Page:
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Under the Radar ‘Varsity Blues’ Trump Pardon Is Particularly ‘Inexplicable,’ and Swampy


Bob Zangrillo and Keir Alexa of Keir Alexa attends the French Montana & Mohamed Hadid Birthday Party Powered By CIROC Pineapple and Produced By on November 9, 2014 in Los Angeles, California.

Buried amidst the celebrity-infused headlines that formed the narrative for former president Donald Trump’s last and final round of pardons is the curious case of a Miami real estate developer.

According to the White House, Robert “Bob” Zangrillo was granted a full pardon over his charges “in connection with the Varsity Blues investigation.” The bout of clemency was allegedly supported by Len Blavatnik, Geoff Palmer, Tom Barrack, Sean Parker, Walid Abu-Zalaf, Medo Alsaloussi, and Kevin Downing.

A representative for Parker claims otherwise.

“Sean doesn’t know him and did not make any request for a pardon on his behalf,” a spokesperson told Law&Crime.

Pressed to explain the discrepancy, the spokesperson said that Parker has “no further comment at this time.”

In another bizarre twist, a representative for Barrack also disputed the details provided by the White House.

“Mr. Barrack had nothing whatsoever to do with Mr. Zangrillo’s pardon,” a spokesperson told Law&Crime. “He never intervened and never had discussion with anyone about it. All reports to the contrary are patently false.”

“However, his daughter did not have others take standardized tests for her and she is currently earning a 3.9 GPA at the University of Southern California,” a White House press release notes. “Mr. Zangrillo is a well-respected business leader and philanthropist.”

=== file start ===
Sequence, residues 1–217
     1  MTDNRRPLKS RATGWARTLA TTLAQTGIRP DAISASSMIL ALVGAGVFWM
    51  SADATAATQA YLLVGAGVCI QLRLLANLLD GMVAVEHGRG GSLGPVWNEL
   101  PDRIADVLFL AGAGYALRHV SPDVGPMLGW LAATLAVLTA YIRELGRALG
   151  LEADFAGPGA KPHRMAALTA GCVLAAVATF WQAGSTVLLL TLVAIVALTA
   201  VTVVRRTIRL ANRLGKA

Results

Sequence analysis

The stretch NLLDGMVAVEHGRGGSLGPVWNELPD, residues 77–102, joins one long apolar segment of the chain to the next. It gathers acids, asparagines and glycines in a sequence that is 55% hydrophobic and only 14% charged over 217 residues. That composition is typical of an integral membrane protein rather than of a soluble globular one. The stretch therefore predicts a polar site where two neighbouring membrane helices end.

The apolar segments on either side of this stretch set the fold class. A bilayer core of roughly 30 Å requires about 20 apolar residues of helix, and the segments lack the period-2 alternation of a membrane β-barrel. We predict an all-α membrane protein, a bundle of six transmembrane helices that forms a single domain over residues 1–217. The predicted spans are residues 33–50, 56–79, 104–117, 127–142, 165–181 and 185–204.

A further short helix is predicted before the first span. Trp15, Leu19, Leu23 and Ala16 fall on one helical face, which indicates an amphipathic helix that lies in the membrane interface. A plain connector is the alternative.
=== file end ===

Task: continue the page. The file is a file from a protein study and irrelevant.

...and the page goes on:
The explanation for the pardon, at least facially, seems to rely upon the younger Zangrillo’s scholastic efforts and her lack of ethical lapses viz. the SATs. But that’s not particularly notable in terms of the broader U.S. Department of Justice (DOJ) investigation into the college admissions testing and bribery scandal, and prosecutors alleged that Zangrillo’s daughter Amber knew about the scheme.

Several wealthy families were rocked by dozens of charges starting in late 2019 over behavior they long believed they were entitled to as a matter of social status and right: buying their kids’ way into college with hefty sums of money.

While far from sympathetic in the public eye, many attorneys and legal experts were similarly askance that any crimes had actually been committed by parents whose largesse had long been counted on by university admissions committees and administrators. The cycle, this argument went, was vicious but mutually-accepted, taken for granted and facilitated by the universities themselves; some legal commentators outright said there were no victims in these crimes as charged.

A few parents, such as Full House actress Lori Loughlin and Mossimo Giannulli, initially mounted defenses predicated on some version of this argument–before ultimately cutting plea deals. The prosecutions steamed on ahead and multiple U.S. Attorneys came away with multiple high-priced pelts ripped from the backs of the American aristocracy.

So, what’s so different about Zangrillo? Why was he the only person pardoned in connection with the Varsity Blues scandal by a president whose own DOJ initiated the prosecutions in the first place?